There are thousands of celestial bodies including asteroids, meteors, comets, black holes and UFOs about which we don’t know much. The impact of these celestial bodies can harm the Earth and the whole galaxy. Scientists, researchers and astronomers are studying the activities of space but are not able to solve many mysteries. Talking specifically about the black holes, it is a region of space-time exhibiting gravitational acceleration so strong that nothing—no particles or even electromagnetic radiation such as light—can escape from it. It is to be noted that in the universe, black holes are one of the most complex entities. Scientists have recently discovered a star which escaped from the supermassive black hole lurking at the heart of the Milky Way, humanity’s home galaxy. Interesting, isn’t it?
The paper called as ‘The Great Escape: Discovery of a nearby 1700 km/s star ejected from the Milky Way by Sgr A*’ revealed that the discovery of a prodigal sun named S5-HVS1 that’s zooming along at ‘extreme’ speeds of almost four million miles per hour.
A team of scientists discovered that the star has spent the past 4.8 million years on a lonely journey through space after it was ‘kicked away’ from Sagittarius A*. It is to be noted that the Sagittarius A* is a name of our galaxy’s supermassive black hole.
Interestingly, this discovery was made during a project called the Southern Stellar Stream Spectroscopic Survey. The scientists said their data proved the runaway star ‘can be unambiguously traced back to the Galactic Centre’.
The scientists further claimed that the star, which escaped massive black hole, was part of a ‘binary star’. It means that the two suns locked in orbit around each other and was booted out of this system while interacting with Sagittarius A*.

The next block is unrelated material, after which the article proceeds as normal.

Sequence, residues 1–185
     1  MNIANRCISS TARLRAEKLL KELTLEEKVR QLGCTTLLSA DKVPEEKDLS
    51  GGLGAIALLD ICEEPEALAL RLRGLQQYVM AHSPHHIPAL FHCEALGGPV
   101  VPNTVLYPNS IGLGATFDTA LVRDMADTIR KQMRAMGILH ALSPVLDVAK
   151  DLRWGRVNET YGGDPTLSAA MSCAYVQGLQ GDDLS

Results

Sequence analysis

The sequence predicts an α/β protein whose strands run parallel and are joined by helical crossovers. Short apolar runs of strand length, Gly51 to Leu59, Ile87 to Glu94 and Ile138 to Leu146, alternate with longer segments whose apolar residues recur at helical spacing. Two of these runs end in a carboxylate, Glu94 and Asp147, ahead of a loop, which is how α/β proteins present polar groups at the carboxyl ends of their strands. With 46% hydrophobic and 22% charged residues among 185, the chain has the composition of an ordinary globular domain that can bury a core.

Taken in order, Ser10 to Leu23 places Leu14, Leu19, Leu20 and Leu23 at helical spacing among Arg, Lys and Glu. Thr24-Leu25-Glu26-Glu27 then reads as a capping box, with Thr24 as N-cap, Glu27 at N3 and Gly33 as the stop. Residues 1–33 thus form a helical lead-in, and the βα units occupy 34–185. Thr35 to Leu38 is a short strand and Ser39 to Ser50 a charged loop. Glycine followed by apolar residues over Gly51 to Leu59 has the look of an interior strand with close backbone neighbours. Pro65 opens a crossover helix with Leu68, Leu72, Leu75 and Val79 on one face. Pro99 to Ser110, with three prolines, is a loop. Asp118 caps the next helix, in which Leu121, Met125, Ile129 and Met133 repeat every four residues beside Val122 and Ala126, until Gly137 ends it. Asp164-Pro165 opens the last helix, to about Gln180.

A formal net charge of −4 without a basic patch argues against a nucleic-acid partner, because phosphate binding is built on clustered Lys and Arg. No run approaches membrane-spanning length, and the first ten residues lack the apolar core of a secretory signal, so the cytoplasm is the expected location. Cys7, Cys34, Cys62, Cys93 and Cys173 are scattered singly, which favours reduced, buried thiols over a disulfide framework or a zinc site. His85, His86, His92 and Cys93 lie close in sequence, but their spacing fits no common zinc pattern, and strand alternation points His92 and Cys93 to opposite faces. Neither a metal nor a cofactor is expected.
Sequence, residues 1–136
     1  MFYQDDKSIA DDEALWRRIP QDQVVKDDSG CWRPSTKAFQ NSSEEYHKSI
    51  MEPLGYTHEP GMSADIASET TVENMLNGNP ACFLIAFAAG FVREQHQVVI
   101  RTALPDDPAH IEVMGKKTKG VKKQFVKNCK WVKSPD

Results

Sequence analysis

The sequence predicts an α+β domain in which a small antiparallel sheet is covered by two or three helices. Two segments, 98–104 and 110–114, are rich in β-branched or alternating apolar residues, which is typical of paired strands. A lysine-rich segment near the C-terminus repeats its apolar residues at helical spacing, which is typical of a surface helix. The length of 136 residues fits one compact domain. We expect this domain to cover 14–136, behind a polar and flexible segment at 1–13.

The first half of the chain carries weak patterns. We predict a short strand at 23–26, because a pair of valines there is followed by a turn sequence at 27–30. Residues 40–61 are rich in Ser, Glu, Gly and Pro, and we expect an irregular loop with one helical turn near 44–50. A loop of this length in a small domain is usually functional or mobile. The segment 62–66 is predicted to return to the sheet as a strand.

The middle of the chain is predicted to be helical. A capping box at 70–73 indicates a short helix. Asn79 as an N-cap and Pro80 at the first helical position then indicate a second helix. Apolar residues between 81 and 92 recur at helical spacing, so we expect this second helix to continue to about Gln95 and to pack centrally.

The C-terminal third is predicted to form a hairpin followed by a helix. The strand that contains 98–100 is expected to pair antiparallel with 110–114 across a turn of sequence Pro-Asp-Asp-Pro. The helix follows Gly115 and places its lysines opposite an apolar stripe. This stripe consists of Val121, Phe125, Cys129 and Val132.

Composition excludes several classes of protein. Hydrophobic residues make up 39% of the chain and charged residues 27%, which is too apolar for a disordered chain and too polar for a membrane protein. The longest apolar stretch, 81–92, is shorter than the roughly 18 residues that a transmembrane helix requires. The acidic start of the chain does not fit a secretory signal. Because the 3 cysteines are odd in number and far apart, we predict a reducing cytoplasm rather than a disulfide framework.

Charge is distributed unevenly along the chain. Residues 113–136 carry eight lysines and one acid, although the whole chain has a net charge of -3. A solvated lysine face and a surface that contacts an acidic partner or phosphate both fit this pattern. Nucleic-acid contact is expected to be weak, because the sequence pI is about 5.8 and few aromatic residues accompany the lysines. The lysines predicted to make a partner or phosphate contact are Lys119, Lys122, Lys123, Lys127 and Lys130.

Sagittarius A* is lurking about 25,640 light-years away from Earth.
The National Aeronautics and Space Administration (NASA) had recently said that it knows why the Milky Way’s dark colossus is relatively quiet compared to its greedy cousins in other galaxies. Research from NASA explained why the cosmic colossus does not appear to be as ravenous as more ‘active’ black holes, which feast on anything nearby and then emit huge burps of high energy radiation. Researchers used the Stratospheric Observatory for Infrared Astronomy (SOFIA) to examine the magnetic fields around Sagittarius A*. Researchers found that the field ‘channels’ the gas surrounding the hole into orbit around it.
If magnetic forces steered the gas into the monster, it would become ‘active’.
“The spiral shape of the magnetic field channels the gas into an orbit around the black hole,” said Darren Dowell, a scientist at NASA’s Jet Propulsion Laboratory. “This could explain why our black hole is quiet while others are active,” he added.